Boris Johnson must explain meeting with 'partygate' report author, Labour Party says

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British Prime Minister Boris Johnson makes a statement on Sue Gray's report regarding the alleged Downing Street parties during COVID-19 lockdown, in the House of Commons in London, Britain, January 31, 2022. UK Parliament/UK Parliament/Jessica Taylor/Handout via REUTERS

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LONDON, May 21 (Reuters) - Britain's opposition Labour Party has called on Prime Minister Boris Johnson to explain why he met a senior civil servant to discuss publication of her final report into parties held at Johnson's Downing Street office during COVID-19 lockdowns.

“Boris Johnson must urgently explain why he held a secret meeting with Sue Gray to discuss her report despite claiming her investigation was completely independent," deputy Labour leader Angela Rayner said in a statement.

Sky News reported on Friday that the prime minister and Gray discussed where Gray believed the police were with their separate inquiry, while the BBC reported on Saturday that the pair met to discuss publication of photos in her final report.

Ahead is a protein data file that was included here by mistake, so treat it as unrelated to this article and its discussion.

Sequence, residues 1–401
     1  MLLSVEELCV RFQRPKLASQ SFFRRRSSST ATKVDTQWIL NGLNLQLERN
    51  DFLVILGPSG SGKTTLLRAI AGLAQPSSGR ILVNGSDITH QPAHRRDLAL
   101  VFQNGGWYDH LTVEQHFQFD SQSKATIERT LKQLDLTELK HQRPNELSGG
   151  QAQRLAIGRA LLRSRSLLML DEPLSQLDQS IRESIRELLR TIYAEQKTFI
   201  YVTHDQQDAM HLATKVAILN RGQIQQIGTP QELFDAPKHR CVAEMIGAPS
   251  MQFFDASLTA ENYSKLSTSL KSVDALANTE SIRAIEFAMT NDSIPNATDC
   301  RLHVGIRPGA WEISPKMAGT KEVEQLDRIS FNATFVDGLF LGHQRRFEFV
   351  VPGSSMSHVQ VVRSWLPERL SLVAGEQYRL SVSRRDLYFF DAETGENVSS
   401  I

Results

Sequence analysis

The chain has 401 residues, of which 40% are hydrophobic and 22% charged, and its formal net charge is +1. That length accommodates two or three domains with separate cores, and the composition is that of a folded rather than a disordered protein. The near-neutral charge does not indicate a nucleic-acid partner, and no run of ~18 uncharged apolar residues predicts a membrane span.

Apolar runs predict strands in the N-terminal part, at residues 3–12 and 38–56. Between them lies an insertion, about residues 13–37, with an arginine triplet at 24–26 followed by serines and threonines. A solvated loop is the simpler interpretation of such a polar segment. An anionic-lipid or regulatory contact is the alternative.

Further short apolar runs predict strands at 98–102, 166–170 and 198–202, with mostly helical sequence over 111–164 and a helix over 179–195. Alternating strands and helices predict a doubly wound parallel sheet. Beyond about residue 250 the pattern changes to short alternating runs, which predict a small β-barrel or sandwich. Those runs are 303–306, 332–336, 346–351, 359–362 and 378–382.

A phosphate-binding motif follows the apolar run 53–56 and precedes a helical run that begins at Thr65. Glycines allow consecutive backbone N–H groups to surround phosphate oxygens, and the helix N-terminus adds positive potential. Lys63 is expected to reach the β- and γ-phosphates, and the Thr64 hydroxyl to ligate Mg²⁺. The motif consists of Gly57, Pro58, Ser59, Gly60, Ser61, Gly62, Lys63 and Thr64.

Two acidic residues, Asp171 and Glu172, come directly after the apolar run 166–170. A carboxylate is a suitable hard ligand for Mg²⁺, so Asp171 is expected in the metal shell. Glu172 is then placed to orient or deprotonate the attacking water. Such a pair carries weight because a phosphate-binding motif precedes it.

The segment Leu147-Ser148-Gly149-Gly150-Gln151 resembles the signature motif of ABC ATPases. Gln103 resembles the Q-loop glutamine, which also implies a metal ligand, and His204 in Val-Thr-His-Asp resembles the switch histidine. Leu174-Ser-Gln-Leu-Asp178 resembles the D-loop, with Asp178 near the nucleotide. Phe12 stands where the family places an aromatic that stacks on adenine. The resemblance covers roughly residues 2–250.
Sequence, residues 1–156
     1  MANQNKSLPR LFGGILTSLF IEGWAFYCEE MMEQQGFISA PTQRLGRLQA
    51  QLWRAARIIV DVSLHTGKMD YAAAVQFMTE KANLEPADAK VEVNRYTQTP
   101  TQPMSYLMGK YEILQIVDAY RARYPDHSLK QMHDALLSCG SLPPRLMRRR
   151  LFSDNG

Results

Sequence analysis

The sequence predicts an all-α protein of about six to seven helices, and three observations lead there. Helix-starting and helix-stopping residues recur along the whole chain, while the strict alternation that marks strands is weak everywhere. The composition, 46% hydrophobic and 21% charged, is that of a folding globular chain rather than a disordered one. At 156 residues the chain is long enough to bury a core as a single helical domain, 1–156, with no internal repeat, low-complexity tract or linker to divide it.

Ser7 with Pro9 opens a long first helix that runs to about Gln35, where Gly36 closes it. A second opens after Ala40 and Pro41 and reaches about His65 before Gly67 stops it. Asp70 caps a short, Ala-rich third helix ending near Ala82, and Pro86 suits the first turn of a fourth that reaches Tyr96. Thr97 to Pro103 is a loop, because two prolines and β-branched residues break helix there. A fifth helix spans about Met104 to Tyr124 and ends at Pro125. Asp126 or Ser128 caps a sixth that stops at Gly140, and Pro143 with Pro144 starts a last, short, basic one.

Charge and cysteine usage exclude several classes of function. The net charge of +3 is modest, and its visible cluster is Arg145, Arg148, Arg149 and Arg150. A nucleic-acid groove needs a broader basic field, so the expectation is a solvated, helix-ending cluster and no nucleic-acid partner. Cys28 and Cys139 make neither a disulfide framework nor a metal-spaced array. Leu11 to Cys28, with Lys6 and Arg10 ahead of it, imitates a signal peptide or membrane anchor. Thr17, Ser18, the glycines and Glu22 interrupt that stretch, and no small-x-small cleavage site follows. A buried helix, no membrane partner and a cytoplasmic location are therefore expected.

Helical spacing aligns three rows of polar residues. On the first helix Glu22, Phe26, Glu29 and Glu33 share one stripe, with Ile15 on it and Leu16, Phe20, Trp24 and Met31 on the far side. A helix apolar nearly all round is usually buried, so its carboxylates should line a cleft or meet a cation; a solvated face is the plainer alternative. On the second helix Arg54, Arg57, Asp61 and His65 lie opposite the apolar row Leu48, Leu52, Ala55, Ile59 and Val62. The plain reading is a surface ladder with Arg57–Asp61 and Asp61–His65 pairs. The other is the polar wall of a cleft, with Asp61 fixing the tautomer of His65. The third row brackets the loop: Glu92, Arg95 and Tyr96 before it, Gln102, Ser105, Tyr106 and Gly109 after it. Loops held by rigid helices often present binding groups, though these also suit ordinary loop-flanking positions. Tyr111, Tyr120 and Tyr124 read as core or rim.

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British police ended their investigation on Thursday, having handed out 126 fines. read more

Johnson has faced widespread calls from opposition politicians and some in his own party for him to resign over the "partygate" scandal after it emerged that he and officials had broken stringent lockdown laws enacted by his government.

A spokesperson for Johnson's Number 10 office said on Saturday the prime minister had been clear throughout that Gray's report should be completely independent, adding the decision what and when to publish rests entirely with Gray.

The spokesperson did not respond to Rayner's call for Johnson to explain the meeting.

A Cabinet Office source said on Thursday that Gray's report would be published next week.

"The Sue Gray report must be published in full and with all accompanying evidence," Rayner said on Saturday.

Johnson has said that once the report is published he will respond in parliament.

In interim conclusions released in January, Gray said alcohol-fuelled events had taken place at Johnson's offices and residence, and there had been "serious failures of leadership".

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Reporting by James Davey Editing by Frances Kerry

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